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Enabling customers to drive the pace of email

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E-mail is the default means of communication on the Internet. It can reach new customers through lead-gen campaigns and rejuvenate old customers with new ideas about their respective industries. But the long-standing question for most shippers is: How much email is too much email?

There is a simple answer to this complex question: just ask your audience. The best way to ask your audience is with the humble preference center.

Preference centers are powerful tools that can be used to adapt both the content and the pace of e-mails. It also provides marketers with the information they need to better understand what customers are expecting from a given organization. A good preference center aims to give readers enough relevant information without overwhelming them with irrelevant promotions.

These centers can also help email marketers better segment their lists and receive feedback from interested parties, providing more accurate information to marketers and advertisers who are more relevant to receptive audiences.

Highly relevant content in inboxes – as long as anything that is sent is not a nuisance – enhances the brand's rigidity and the overall relevancy of messaging. With a preference center, consumers are empowered to adjust the frequency, type and rate of email to their particular needs.

Transforming Centers of Preferences into Opportunities

For inventive brands, preference centers can be a great marketing opportunity. All it takes is a direct message coupled with an image and an invitation to your readers to make their own decisions.

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For example, National Geographic enthusiasts can see a comforting image of two zebras with a big subject line like " Tell Us Your Preferences, Like Your Inbox Again " to encourage readers to adjust their email preferences. Customers who click on the category "update your centers of interest" are redirected to a preference center that details the types of emails that they can receive and the option to unsubscribe from all National Geographic communications.

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This useful page has multiple purposes:

  1. Customers feel empowered to minimize noise in their inbox.
  2. The e-mail that brought them to this page strengthens the engagement in the inbox, which enhances National Geographic's overall broadcast reputation and ability to reach the # 39, user in the inbox.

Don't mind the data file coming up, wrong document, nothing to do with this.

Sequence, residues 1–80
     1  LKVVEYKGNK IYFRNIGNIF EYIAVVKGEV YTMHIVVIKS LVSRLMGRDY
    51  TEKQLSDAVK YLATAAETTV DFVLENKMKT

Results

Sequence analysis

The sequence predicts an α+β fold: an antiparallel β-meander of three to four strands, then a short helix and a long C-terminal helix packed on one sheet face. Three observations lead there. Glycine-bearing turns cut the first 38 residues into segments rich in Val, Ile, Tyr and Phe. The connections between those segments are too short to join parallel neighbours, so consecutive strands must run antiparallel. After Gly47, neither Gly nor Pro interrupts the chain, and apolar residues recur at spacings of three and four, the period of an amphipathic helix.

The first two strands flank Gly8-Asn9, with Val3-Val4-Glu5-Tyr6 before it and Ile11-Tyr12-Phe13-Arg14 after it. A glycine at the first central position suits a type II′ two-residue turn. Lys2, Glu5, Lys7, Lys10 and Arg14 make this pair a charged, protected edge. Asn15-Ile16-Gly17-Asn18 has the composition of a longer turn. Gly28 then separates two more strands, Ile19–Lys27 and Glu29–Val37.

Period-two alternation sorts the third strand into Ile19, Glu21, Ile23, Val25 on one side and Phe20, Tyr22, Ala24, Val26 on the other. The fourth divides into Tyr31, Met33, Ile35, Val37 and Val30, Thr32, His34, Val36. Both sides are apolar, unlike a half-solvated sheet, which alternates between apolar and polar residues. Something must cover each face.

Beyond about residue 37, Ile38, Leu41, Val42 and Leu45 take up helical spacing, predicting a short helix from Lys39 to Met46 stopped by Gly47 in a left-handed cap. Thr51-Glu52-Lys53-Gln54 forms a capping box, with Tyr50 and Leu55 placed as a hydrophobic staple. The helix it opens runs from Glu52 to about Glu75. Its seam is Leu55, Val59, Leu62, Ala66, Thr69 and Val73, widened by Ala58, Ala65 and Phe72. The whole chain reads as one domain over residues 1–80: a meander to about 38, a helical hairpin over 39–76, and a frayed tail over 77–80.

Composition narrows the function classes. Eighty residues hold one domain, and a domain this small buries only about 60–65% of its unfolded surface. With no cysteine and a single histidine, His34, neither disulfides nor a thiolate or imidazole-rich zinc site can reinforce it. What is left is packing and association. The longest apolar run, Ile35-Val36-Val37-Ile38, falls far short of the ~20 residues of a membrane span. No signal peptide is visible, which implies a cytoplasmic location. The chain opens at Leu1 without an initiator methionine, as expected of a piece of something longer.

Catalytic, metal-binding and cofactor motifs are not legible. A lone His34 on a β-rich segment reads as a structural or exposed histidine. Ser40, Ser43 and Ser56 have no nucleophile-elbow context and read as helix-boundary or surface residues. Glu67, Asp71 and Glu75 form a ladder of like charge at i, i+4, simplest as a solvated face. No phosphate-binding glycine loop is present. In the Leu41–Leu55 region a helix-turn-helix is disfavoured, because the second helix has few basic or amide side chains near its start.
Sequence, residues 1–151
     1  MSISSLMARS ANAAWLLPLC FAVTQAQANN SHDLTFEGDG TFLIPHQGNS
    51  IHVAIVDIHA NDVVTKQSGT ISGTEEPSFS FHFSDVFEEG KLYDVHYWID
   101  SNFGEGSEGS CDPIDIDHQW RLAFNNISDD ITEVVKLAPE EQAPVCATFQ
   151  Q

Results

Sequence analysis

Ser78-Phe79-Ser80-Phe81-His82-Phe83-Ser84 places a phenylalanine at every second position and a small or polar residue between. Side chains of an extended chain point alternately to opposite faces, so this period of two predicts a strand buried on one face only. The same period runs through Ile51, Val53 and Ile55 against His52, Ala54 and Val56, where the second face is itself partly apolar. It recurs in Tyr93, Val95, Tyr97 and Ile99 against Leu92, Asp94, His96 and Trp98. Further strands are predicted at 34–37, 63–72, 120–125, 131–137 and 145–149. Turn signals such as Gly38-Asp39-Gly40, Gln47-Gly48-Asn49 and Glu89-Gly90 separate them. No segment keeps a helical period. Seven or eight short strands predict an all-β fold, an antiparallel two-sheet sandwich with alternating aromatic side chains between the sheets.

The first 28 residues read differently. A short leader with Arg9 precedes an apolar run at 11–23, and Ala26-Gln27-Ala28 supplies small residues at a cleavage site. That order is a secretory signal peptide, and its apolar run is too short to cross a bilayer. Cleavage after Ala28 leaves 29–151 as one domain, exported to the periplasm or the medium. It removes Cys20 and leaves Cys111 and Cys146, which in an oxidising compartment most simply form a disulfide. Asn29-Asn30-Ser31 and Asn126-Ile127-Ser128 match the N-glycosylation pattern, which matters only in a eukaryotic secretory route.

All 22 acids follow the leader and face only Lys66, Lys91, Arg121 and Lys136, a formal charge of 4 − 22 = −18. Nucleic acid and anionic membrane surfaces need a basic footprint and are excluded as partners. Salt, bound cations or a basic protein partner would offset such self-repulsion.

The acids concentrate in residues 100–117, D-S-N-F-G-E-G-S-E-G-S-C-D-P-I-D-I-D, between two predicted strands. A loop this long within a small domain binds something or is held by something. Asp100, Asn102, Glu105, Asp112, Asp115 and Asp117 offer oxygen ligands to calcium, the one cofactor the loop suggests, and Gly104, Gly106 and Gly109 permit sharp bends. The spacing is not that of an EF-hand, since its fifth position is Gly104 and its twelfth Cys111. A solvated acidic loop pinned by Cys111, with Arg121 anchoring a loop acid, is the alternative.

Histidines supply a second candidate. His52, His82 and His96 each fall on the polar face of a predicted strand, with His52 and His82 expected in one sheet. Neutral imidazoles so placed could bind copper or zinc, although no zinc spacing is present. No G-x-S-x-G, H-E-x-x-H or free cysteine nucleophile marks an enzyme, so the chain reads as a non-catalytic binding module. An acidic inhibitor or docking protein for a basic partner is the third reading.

3. By giving potentially disengaged users the opportunity to unsubscribe from future mailings, National Geographic protects its reputation by preventing messages from being marked as spam.

This powerful approach applies to all types of audiences, including business to business. Take, for example, Litmus, the creator of creative tools to help marketers design better emails. (Disclosure: Litmus is a partner of my employer.) Litmus took the extra initiative of making its email an opt-in campaign. Customers who do not click the green button saying they want to continue to receive marketing emails are unsubscribed.

This is a good and necessary measure of compliance with the regulations on the protection of privacy outside the United States. But it is also a movement that emphasizes Litmus' understanding of their audience and how too much email can become more noise than signal.

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The same can be said of Bonobos, who uses humor in his preference center.

Preference centers are the new norm – if today's consumers have the ability to determine the channel in which the conversion will occur, marketers should give them the opportunity to determine how often the brand will contact them.

Deafness to consumer preferences will cause your reputation to suffer unnecessarily, and the degradation of emails being reported as spam, even your biggest fans may not see you in the inbox.

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The humor and relevance come in all shapes and sizes. Room and Board uses the concept of space to emphasize the absence or lack of engagement with their emails.

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Construction of a Powerful Preference Center

Some things to consider when building your preference center:

  • Do not password protect the page – You will lose clients when connecting.
  • Do not ask the client's e-mail address – You should be able to convey this information via URL redirection.
  • Do not make it a multi-page process – One page will suffice. The idea is to make it simple to use.
  • Use humor if this suits your audience.
  • Do not be afraid of unsubscription – If customers choose to leave, they can always come back. If they mark your email as spam, this action has a much longer reverberation and is more deeply felt throughout your email program.
  • Make Sure to Have the Ways to Honor Preference Centers – It's not enough to provide one; If someone only wants to hear your brand once a week, do not send them three to five emails in a single day.
  • Consider knocking out uncommitted customers from your lists – If they do not answer, and do not do it for a long time, then do not assume it's as if nothing was wrong.

Some opinions expressed in this article may be those of a guest author and not necessarily Marketing Land. The authors of the staff are listed here.


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